Directed by Darren Aronofsky
Written by Darren Aronofsky
In many ways, The Fountain is possibly the greatest comic book adaptation of all time. First attempted in 2002, with Brad Pitt and Cate Blanchett attached and a 75 million dollar budget, Aronofsky’s eventual follow up to the very personal and incredibly bleak Requiem for a Dream was a space- and time -panning epic that collapsed when Brad Pitt quit to go make Troy. Incredibly the entire Australian production was shut down and props auctioned off. Frustrated, Aronofsky found some solace in adapting his masterpiece into a graphic novel (gorgeously illustrated by Kent Williams) which remains to this day the only true representation of his original vision.
Determined to find a way to still create a filmic version ,he rewrote the screenplay,exploiting his resourcefulness to hack the budget in half and refine the scale to create a more intimate and humble narrative that would still retain the magical epic gravitas of his basic ideas. Production eventually began on this new version two years later, and it was finally released in 2006 to critical acclaim but public confusion.
The Fountain is a flawed masterpiece. Its story spans three timelines; a conquistador travelling to New Spain to hunt for the tree of life to free his shackled country and Queen, a scientist in modern times desperately trying to find a cure for his dying wife, and a traveler of space at some undisclosed time in the future, racing toward a dying nebula in the hope of being re-united with his wife in its rebirth.
It would be easy to label The Fountain as either confused or pretentious. It is edited in a very non-linear fashion, it’s difficult to truly distinguish that which is actually happening, that which is merely a visual metaphor and that which is part of a novel that the scientist’s dying wife is writing. It is stuffed with plenty of bold and sweeping dialogue and even its lighting design is conceptual– the film begins in murky darkness and gradually unfolds into brightest light for the finale. But The Fountain manages to sidestep evaporating into muddled, self-conscious art and emerges as a resoundingly powerful and evocatively important piece of cinema that is a visual and emotive triumph.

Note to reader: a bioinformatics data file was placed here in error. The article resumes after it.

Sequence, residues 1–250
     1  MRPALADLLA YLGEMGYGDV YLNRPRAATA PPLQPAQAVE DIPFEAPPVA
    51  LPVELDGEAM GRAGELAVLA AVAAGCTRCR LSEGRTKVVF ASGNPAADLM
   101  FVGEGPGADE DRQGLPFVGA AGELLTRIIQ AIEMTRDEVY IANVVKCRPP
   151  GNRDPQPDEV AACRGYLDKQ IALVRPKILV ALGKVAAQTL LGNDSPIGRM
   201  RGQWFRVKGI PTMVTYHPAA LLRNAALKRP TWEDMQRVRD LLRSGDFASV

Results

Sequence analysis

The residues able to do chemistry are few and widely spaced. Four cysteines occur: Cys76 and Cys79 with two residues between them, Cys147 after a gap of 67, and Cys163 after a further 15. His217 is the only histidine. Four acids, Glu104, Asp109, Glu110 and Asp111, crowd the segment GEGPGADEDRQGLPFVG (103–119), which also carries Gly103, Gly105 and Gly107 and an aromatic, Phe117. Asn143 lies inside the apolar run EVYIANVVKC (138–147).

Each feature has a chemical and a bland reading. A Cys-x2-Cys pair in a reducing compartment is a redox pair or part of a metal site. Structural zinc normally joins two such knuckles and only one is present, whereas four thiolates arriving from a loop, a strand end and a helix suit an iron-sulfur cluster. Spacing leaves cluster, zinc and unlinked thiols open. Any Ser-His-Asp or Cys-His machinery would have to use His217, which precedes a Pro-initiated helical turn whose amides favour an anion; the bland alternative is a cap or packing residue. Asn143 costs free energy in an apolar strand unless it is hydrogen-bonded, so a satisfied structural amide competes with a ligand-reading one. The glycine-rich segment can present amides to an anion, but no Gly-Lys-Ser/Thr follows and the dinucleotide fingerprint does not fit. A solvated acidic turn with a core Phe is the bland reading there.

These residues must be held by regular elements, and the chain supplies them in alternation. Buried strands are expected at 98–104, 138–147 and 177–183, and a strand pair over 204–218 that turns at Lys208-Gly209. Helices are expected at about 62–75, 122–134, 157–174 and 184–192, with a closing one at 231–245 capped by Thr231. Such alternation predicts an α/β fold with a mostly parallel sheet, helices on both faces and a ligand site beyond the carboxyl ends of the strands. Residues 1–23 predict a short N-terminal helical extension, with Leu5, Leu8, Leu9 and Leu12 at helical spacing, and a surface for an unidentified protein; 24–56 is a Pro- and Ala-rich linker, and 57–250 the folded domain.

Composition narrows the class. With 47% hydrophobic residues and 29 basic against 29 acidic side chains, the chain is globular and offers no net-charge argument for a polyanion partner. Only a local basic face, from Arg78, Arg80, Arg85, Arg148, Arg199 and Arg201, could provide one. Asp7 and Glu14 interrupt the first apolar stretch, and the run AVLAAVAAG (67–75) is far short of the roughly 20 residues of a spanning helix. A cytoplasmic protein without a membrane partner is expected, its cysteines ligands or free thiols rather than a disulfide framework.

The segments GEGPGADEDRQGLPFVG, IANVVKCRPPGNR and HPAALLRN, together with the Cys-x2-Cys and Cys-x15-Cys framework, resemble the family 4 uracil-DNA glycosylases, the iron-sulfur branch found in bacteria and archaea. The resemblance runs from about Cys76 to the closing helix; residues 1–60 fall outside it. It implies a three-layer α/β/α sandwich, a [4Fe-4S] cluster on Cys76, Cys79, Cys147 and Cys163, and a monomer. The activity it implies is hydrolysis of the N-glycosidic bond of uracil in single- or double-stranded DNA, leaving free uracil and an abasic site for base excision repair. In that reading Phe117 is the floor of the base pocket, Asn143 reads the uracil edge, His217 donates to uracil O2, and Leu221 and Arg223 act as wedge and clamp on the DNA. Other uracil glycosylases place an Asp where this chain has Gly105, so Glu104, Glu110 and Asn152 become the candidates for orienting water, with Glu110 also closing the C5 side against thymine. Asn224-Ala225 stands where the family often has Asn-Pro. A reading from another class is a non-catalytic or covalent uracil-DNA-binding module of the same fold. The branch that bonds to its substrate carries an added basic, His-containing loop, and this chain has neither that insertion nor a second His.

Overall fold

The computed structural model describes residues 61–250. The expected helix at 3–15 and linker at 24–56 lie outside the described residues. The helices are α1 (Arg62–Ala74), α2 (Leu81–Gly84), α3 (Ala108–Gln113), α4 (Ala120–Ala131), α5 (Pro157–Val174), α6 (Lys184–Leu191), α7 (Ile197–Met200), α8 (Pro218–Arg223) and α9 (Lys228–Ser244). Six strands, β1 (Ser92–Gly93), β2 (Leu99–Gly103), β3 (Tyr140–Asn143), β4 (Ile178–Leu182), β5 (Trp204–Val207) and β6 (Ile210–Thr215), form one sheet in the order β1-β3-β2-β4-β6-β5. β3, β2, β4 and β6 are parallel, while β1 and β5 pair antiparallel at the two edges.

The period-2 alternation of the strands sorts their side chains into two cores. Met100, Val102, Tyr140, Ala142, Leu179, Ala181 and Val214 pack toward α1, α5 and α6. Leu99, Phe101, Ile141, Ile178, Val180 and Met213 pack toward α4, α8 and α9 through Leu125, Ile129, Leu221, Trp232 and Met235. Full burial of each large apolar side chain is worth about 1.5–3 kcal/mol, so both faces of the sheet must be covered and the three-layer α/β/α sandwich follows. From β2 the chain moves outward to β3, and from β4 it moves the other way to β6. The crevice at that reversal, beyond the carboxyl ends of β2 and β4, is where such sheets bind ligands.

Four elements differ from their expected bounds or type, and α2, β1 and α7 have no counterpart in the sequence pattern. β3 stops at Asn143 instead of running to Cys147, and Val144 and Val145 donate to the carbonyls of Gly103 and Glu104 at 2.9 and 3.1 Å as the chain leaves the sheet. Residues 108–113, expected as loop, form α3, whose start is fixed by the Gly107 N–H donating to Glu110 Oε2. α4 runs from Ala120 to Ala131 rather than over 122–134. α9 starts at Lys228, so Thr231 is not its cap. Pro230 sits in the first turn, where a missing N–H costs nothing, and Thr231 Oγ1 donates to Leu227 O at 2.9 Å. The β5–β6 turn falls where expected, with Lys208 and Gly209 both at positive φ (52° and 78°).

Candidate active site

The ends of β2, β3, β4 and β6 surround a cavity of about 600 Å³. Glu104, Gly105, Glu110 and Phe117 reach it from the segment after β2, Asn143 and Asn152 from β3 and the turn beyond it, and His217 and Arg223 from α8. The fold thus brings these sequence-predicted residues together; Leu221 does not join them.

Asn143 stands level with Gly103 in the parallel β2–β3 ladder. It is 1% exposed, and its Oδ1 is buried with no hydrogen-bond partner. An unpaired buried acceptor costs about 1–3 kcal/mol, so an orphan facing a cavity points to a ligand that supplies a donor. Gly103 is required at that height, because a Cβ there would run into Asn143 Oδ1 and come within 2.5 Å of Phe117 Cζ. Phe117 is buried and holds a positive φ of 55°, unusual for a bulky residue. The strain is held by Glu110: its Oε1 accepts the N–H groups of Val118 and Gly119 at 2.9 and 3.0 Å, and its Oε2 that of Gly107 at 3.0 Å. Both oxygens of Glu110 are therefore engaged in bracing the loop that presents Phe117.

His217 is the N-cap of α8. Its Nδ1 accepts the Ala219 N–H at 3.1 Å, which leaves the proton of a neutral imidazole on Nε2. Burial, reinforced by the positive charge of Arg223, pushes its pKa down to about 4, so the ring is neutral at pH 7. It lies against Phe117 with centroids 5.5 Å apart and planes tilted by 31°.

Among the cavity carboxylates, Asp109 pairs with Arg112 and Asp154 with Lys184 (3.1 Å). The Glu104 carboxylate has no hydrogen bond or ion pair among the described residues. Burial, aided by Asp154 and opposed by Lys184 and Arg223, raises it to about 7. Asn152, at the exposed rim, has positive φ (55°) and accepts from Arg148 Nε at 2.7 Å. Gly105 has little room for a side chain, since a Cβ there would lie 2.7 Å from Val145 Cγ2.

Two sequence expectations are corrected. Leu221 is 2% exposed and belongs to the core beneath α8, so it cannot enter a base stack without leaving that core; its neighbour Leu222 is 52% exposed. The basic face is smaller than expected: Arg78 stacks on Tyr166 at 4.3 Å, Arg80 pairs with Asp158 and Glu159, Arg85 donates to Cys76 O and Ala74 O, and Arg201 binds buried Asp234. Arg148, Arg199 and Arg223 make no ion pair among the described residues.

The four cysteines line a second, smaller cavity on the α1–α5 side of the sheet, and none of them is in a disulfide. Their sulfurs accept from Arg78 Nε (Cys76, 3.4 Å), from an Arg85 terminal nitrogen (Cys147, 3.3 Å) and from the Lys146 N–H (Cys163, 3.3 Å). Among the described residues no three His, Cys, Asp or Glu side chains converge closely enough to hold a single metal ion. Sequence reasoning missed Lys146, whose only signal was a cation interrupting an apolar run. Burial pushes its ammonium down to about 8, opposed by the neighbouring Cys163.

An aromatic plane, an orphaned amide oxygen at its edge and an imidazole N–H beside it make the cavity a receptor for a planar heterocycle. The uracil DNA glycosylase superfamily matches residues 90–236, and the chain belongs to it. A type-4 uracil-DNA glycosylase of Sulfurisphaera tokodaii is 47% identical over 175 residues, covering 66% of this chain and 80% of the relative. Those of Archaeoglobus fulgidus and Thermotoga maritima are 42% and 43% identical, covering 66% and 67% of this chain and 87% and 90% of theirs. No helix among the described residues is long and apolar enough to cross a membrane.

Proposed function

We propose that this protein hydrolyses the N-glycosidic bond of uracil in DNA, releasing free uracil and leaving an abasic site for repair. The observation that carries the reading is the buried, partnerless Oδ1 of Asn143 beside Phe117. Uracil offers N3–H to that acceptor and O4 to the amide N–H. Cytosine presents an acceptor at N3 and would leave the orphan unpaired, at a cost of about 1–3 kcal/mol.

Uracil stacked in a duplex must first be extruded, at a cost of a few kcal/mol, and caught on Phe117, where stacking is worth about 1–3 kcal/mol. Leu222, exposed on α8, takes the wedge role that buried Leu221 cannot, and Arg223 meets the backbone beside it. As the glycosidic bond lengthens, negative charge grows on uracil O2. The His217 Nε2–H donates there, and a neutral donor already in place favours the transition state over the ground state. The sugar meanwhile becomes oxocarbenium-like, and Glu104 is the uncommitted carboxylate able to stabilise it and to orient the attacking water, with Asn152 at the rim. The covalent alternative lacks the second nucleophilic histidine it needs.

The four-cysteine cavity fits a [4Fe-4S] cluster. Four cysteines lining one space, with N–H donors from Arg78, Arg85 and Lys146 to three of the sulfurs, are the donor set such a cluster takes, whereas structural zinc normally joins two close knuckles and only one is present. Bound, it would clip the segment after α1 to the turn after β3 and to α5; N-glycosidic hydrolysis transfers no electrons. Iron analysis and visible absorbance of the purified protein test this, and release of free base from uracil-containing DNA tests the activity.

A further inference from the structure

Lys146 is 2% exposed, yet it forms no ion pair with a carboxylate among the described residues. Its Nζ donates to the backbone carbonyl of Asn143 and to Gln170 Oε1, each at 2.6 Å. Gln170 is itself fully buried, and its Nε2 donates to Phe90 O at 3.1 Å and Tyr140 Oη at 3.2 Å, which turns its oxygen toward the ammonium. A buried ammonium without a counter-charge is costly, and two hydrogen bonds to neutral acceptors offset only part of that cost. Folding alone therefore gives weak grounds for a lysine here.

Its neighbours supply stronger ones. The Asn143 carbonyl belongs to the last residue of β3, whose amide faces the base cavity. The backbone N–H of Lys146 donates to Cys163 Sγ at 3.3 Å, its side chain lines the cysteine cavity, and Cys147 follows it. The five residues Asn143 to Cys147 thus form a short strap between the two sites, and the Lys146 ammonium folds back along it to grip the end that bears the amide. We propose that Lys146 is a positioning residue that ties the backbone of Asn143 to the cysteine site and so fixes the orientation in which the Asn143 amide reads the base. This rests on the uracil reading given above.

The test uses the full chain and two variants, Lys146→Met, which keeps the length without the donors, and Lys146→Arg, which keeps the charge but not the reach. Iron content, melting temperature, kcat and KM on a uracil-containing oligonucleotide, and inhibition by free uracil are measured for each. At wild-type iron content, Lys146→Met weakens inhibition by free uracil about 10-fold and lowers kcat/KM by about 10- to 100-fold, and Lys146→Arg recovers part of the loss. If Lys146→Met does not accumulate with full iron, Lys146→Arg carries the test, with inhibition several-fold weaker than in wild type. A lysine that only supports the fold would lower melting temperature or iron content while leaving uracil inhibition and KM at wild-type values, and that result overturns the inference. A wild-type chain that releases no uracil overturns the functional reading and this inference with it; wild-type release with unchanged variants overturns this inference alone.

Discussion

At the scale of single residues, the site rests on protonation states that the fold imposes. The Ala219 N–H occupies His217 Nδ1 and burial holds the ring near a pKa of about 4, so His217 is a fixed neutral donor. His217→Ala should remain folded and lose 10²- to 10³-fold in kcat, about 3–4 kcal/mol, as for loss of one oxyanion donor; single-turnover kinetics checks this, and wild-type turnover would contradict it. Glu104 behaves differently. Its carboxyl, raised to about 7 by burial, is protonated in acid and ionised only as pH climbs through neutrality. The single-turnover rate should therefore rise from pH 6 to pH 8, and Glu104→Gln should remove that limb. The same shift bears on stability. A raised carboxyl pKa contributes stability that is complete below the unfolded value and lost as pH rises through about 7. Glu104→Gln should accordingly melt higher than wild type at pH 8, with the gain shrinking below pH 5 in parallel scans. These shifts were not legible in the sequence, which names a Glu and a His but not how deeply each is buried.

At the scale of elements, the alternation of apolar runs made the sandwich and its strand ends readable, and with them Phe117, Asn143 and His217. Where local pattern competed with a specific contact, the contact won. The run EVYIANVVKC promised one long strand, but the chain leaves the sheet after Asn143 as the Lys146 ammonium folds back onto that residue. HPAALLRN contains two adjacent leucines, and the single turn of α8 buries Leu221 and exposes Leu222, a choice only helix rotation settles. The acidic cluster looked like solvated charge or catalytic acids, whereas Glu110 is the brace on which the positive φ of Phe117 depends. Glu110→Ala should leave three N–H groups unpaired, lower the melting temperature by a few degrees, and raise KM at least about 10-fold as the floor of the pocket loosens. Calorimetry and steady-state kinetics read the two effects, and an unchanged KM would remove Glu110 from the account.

Like all of Aronofsky’s films, The Fountain is about obsession. He explores this theme from many angle across his diverse but constantly impressive catalogue of features, but here he digs deep into the haunting remorse and regret of blinding grief as an incredibly pained Hugh Jackman breathes life to the lead role of Tomas / Tommy / or Tom (depending on the era), a character who claws at the door of eternal life, desperate to keep the one he loves from dying. It is this unrelenting denial of death that acts as the sole anchor for the film’s emotive core and the movie survives as an incredibly personal encapsulation of this pervading air of fear and denial by tying together gorgeously storyboarded shooting, startlingly imaginative effects, an ever-present, aching score, and career-best performances from Jackman and Rachel Weisz.
Particular mention must go to the visual effects for the space sequences where the awesome expanse of an enveloping dying star is represented not by cgi but micro-footage of chemical reactions in a petri dish. It’s without doubt the most dazzlingly mesmerising representation of the Universe ever seen on film and is completely captivating.
It’s not all praise, however. On repeat viewings, it’s easy to feel that thedark-to-light theme was overplayed, and even on Blu-ray the opening scenes are a little uncomfortable murky. There’s a smattering of unfortunate CGI here and there, some slightly unconvincing lab talk and at the end of the day this is certainly not a film for everyone. This is a very honest look into one person’s psyche, and as such there will be those of us who it resonates with and those who find it to be a pointless exercise.
It’s a fascinating and completely refreshing film that continues to be a unique, brave and incredibly affecting experience, with particular scenes lingering in the mind for prolonged periods. Its central theme of the acceptance or fear of death saddens me is timeless and resonant, and is cannily summarized in two of the film’s central pieces of dialogue:
‘Death is a disease, like any other; there is a cure and I will find it.’
‘Death is the road to awe.’